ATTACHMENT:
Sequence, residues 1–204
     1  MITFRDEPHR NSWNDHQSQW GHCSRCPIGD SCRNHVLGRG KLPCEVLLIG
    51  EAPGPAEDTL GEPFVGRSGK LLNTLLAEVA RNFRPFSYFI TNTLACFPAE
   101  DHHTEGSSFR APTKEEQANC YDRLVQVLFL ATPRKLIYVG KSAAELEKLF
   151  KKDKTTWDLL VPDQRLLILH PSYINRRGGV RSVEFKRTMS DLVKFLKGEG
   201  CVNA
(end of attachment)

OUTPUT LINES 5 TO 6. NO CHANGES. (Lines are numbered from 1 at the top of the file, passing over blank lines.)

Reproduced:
   151  KKDKTTWDLL VPDQRLLILH PSYINRRGGV RSVEFKRTMS DLVKFLKGEG
   201  CVNA